This Danish school was originally created in 1960 as the result of a competition to design Klostermarkskolen, a new school in the city of Roskilde.

Troldtekt Klostermark School Roskilde
Photo: Thomas Mølvig, architect MAA

It was the first win for Henning Larsen, the world-famous architect who went on to have an extraordinary career. At the time, the school’s architecture featured visionary single storey concrete construction and flat roofs. Daylight was given top priority in all the rooms, while a central corridor neatly linked them all together.

The first pupils entered the classrooms in 1963 and the building functioned smoothly for many years. However, after 40 years of loyal service it was beginning to show its age, with the concrete in a poor state of repair. In 2010, the City Council decided that the school should be completely renovated to stand proudly again but in a new, more contemporary version. To achieve this, it was necessary to take a radical approach and in 2013 work commenced on demolishing almost half of the 12,000 m2 structure.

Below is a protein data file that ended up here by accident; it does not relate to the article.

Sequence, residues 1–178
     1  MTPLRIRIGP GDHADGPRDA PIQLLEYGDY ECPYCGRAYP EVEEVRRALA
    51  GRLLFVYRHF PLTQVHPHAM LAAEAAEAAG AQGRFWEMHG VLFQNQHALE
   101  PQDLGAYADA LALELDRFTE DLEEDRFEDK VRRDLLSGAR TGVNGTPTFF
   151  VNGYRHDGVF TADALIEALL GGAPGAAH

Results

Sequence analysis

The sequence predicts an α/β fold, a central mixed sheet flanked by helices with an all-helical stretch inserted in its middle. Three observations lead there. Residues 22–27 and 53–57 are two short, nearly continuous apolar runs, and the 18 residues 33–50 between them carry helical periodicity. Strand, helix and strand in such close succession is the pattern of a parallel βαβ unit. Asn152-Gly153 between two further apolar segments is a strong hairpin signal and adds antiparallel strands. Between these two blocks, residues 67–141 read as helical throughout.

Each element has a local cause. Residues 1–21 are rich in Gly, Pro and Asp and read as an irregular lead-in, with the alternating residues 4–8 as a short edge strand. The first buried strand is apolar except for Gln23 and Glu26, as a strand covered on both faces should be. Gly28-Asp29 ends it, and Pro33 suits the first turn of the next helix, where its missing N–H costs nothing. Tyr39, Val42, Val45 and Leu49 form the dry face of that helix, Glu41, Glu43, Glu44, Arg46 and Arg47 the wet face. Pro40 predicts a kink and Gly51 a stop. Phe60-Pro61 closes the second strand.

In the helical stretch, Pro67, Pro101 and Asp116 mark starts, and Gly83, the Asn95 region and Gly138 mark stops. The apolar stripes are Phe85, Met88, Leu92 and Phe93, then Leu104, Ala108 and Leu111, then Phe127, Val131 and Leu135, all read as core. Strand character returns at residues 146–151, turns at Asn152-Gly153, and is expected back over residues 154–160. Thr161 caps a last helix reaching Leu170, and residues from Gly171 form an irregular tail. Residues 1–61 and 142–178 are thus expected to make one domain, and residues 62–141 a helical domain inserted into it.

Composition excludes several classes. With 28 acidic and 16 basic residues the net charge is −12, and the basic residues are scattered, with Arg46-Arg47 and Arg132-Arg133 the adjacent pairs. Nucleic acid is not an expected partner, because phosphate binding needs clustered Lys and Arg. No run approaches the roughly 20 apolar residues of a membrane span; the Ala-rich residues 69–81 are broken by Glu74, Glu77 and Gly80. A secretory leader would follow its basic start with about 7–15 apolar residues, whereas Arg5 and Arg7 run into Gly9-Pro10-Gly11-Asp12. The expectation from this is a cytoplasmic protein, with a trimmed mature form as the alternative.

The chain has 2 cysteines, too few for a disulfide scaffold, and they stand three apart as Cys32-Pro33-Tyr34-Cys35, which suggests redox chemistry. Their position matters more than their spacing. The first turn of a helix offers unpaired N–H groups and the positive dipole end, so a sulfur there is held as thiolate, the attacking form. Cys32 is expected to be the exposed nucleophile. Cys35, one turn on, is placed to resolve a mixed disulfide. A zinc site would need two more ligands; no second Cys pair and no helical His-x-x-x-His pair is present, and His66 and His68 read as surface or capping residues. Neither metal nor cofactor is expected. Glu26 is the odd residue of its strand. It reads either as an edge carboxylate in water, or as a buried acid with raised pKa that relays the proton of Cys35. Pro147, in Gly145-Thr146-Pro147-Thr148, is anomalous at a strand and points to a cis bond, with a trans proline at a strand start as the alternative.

Today, the school has been entirely transformed. About 4,500 m2 is new build, while the rest has been thoroughly renovated. From outside, the school is more visible than previously and presents a more varied façade. The main entrance has been moved and is now framed by a new, two storey extension. This new wing borders the playground and faces a large green area that adjoins the school on the south-west side.

The objective was to design a more holistic school, thereby creating an inspiring and dynamic learning environment to take shape.  An example of this is the use of large areas of acoustic ceiling which complement the unusual green floor in the library and on the main staircase.  The Danish architects JJW Arkitekter expressed their design concept as, “Thinking of the school in terms of a town with a central marketplace and a number of small local squares. In this way, we have created both a fellowship that encompasses the school as a whole and small local spaces centred around the various age groups.”